usually involves this scheme: the scammers upload fake attractive photos, in most cases of white people.
They pretend to be the foreign specialists working in Nigeria or Ghana (usually originally from US and UK, but it may also be Canada, Australia or any other European country).
The Nigerian Advance Fee Scheme (also known internationally as “4-1-9” fraud after the section of the Nigerian penal code which addresses fraud schemes) is generally targeted at small and medium sized businesses, as well as charities.
Nigerian scam comes in many forms: 419 scam, when they offer to transfer millions of dollars into your bank account, or lottery scam, when they tell you that you've won something in some bogus lottery.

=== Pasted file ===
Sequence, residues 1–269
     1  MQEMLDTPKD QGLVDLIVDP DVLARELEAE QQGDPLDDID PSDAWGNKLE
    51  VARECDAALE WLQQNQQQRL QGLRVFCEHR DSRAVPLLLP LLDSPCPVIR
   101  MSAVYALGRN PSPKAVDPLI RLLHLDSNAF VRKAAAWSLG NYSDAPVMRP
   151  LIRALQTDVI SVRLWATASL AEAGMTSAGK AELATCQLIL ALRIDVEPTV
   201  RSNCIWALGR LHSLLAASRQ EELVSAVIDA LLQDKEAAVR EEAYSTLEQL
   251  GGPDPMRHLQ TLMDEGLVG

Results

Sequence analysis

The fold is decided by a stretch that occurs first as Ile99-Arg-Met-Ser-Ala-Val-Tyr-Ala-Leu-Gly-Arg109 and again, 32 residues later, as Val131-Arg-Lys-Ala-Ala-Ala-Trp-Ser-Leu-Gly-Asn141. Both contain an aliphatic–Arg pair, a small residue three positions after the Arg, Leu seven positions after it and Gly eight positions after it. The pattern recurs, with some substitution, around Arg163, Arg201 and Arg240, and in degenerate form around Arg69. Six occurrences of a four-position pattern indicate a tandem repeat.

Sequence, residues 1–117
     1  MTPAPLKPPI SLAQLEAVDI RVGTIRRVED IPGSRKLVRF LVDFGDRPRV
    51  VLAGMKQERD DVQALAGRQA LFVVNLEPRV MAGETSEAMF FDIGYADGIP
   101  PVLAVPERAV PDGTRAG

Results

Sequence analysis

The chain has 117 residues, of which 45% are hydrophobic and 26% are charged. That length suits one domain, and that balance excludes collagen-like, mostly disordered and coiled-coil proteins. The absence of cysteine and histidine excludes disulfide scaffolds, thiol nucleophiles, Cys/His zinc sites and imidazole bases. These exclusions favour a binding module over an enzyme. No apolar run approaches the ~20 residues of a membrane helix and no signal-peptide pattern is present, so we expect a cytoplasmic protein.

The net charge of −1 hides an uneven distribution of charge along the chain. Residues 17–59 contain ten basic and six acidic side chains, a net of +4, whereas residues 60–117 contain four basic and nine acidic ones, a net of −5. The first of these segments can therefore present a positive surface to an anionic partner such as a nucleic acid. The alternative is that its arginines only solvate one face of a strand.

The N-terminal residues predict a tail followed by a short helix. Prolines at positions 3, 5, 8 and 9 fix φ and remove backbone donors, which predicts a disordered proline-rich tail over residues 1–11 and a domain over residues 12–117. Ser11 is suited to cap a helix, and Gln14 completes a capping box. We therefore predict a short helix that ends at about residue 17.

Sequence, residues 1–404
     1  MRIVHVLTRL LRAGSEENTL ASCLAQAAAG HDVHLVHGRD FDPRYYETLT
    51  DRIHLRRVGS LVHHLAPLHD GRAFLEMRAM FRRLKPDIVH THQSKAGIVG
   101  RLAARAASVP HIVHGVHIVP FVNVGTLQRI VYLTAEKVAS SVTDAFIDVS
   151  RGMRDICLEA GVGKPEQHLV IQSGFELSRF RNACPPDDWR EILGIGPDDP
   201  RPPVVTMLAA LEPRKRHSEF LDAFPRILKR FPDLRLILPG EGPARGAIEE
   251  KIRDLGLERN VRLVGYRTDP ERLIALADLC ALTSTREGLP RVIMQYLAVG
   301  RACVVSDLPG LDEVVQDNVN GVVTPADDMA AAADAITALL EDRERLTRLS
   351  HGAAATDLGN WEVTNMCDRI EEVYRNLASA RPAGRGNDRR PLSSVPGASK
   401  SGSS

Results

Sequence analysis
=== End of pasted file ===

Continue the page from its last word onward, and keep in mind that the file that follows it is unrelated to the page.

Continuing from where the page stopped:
However, Nigerian dating scam (or romance scam), besides just asking for money for their studies, sick relatives, etc..
This global scam (recently seen in Russia, Southeast Asia, Australia, and New Zealand, as well as the US) involves the receipt of an unsolicited letter purporting to come from someone who claims to work for the Nigerian Central Bank or from the Nigerian government.
(The Central Bank of Nigeria denies all connection to those who promote this scheme.) In the letter, a Nigerian claiming to be a senior civil servant will inform the recipient that he is seeking a reputable foreign company into whose account he can deposit funds ranging from - million which the Nigerian government overpaid on some procurement contract.